“It may take days for the birds to come back,” said Helen.

“There hasn’t been seeds there since the weekend.”

Matthew sat down between the two sisters. “Couldn’t get here

any sooner.”

“You could have come after school.”

“I have classes at the university until ten on Mondays.”

“The cups are in the cupboard over the sink.”

Matthew got up and crossed the kitchen floor. “What kinds of

birds do you get here, Aunt Helen?”

“All kinds. Mountain chickadees. Chestnut-backed chickadees.

Now and then a white-breasted nuthatch. Blue jays. Northern

flickers. I love the northern flickers. They have big black spots

all over their chest. And a beautiful black crescent.”

“What about the summertime?”

Helen laughed. “The hummingbirds come and fight over the

water and honey I put out. The rufous and the calliope. They dive

bomb one another. And I get yellow birds. They’re wonderful.

The townsend’s warbler. Wilson’s warbler. Western tanager. It’s as

if someone took scissors to the sun and snip-snip, a bird.”

They looked out the window at the feeding station. It was

black with seeds but no birds had flown in to eat them. “It will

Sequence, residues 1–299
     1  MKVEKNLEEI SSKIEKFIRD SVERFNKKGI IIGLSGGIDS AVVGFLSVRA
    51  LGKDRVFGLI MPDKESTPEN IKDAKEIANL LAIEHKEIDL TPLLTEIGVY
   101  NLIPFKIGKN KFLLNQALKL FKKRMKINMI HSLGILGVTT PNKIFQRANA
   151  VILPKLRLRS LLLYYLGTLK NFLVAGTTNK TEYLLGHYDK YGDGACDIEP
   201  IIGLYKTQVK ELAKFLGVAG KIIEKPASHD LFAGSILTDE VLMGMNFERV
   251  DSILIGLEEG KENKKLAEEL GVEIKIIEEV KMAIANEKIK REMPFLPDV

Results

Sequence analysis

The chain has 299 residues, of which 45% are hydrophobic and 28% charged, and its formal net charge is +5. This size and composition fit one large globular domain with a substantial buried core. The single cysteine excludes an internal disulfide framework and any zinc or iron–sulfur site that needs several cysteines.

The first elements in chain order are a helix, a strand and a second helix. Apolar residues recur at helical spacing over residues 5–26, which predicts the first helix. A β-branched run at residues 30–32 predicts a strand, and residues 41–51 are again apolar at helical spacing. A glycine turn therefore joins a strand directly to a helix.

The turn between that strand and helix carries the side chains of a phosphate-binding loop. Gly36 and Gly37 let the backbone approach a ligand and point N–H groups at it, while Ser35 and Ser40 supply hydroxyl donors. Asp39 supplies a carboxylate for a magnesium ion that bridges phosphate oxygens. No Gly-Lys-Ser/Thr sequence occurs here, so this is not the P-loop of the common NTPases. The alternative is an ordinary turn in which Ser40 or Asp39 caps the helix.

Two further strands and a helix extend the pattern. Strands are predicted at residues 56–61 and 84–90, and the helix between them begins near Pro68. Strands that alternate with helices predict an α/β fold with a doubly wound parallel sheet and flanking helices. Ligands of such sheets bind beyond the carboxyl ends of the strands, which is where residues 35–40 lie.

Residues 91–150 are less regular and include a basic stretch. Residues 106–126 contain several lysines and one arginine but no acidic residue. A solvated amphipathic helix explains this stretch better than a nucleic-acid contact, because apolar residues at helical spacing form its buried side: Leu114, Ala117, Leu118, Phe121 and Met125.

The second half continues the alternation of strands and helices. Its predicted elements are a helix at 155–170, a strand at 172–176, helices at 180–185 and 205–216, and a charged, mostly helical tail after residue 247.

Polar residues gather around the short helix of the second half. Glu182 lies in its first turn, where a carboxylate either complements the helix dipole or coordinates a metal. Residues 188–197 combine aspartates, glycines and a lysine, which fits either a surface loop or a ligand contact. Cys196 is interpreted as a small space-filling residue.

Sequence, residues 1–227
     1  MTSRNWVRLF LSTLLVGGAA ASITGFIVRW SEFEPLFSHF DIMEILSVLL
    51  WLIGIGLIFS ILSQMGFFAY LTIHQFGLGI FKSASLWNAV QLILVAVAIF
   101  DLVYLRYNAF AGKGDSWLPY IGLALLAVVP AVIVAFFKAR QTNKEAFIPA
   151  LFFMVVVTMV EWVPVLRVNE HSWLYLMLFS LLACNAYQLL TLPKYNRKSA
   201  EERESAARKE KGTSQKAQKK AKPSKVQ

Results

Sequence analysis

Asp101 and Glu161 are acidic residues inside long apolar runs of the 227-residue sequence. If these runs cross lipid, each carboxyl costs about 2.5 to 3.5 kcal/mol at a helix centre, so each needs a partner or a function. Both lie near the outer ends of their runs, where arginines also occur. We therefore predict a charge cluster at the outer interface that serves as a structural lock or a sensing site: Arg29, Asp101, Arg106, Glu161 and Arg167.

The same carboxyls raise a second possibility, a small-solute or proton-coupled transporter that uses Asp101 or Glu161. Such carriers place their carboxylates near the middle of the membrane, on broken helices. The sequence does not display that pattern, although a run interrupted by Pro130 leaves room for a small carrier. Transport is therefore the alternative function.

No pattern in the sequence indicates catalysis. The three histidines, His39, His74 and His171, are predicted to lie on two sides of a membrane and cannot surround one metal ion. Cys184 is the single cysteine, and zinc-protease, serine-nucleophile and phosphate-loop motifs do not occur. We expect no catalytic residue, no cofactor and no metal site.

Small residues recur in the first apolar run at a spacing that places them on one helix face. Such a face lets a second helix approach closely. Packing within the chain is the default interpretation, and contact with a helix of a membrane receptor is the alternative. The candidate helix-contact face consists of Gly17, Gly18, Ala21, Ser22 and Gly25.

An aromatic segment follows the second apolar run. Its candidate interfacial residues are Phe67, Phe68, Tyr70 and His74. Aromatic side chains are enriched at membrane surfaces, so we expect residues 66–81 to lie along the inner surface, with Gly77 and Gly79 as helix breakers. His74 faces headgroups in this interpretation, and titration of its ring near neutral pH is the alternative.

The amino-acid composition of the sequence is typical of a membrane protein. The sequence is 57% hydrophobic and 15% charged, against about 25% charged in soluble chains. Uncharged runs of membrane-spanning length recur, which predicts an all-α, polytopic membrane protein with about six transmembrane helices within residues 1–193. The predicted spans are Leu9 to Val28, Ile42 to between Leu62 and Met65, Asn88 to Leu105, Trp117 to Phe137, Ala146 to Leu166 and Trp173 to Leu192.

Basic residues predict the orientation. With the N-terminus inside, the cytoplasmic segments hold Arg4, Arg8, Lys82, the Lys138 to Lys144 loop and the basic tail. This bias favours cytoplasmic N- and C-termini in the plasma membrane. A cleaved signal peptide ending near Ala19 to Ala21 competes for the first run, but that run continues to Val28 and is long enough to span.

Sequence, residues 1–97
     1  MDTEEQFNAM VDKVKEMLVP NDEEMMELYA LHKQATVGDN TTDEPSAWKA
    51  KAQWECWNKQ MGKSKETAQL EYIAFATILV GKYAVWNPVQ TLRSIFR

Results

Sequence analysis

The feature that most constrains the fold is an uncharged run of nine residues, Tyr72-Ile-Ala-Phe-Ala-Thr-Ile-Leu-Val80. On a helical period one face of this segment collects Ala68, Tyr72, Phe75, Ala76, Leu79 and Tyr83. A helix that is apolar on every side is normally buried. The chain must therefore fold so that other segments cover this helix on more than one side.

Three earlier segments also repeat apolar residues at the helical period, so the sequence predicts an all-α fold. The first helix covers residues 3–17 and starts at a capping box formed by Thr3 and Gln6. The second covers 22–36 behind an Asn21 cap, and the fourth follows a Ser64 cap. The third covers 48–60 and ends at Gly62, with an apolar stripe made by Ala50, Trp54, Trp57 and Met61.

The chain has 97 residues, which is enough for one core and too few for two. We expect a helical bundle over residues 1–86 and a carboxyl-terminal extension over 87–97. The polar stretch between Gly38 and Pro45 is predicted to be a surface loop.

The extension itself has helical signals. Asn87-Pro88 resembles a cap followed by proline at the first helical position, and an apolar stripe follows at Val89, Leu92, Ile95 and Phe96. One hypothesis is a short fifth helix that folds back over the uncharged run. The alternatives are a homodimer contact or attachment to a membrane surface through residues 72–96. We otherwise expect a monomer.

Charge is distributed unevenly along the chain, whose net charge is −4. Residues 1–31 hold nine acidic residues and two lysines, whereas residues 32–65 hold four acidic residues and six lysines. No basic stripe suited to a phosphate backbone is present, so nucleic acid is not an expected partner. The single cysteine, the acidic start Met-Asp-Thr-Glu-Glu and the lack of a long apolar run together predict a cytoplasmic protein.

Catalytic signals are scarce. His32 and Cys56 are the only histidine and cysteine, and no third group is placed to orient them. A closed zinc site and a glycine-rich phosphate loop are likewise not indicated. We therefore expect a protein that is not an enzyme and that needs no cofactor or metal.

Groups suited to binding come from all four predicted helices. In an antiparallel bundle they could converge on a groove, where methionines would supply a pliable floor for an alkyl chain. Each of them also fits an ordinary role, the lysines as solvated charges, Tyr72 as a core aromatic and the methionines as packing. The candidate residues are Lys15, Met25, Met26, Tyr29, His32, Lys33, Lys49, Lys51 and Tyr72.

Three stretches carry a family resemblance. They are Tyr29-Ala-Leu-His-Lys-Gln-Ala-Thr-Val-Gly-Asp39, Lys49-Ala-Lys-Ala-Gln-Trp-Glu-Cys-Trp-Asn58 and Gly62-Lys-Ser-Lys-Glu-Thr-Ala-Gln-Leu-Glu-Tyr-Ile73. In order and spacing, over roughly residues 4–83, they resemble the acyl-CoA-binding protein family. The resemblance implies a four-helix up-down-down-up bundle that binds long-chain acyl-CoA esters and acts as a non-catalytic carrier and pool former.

take days,” said Helen.

“Do you want some tea, Aunt Nellie?” asked Matthew tugging

the cozy off the teapot.

The tea was a dark brown.

“Is that too strong for you, Aunt?”

“I put in lots of cream.”

Helen was staring out the window. “There are some fox

sparrows on the fence on the other side of the lane. And chipping

sparrows on my neighbour’s clothesline.”

“Where?” asked Matthew.

Helen pointed. “Right over there. See them?”

“How can you tell what they are? They just look black to me.”

“I’m not blind.” Helen slid a book into the centre of the

table. “Take a look. Their pictures are in there.”

“I believe you.”

“Go ahead.”

Matthew picked up the book and flipped through the pages.

There were hundreds of colour photographs. “What an incredible

book.”

“My niece in Toronto bought that for me. Heather. She signed

it in the front.”

“I see that. It looks great. Aunt Helen, I’m working on this

project for school. Kind of a geneology. A family history. That’s

why I asked Aunt Nellie to join us today. She’s been telling me

about what happened during the war.”

Helen clicked her spoon around the inside of her cup. “What

has she been telling you?”

“You must have known her husband. And her son.”

“I knew them.”

“She was talking about how they were in Europe when the war

broke out. The Germans rounded them up. She never saw her son or

her husband again. She was taken back to Germany and forced to

work in a factory in Berlin.”

Helen dropped her spoon on the oilcloth and leaned across the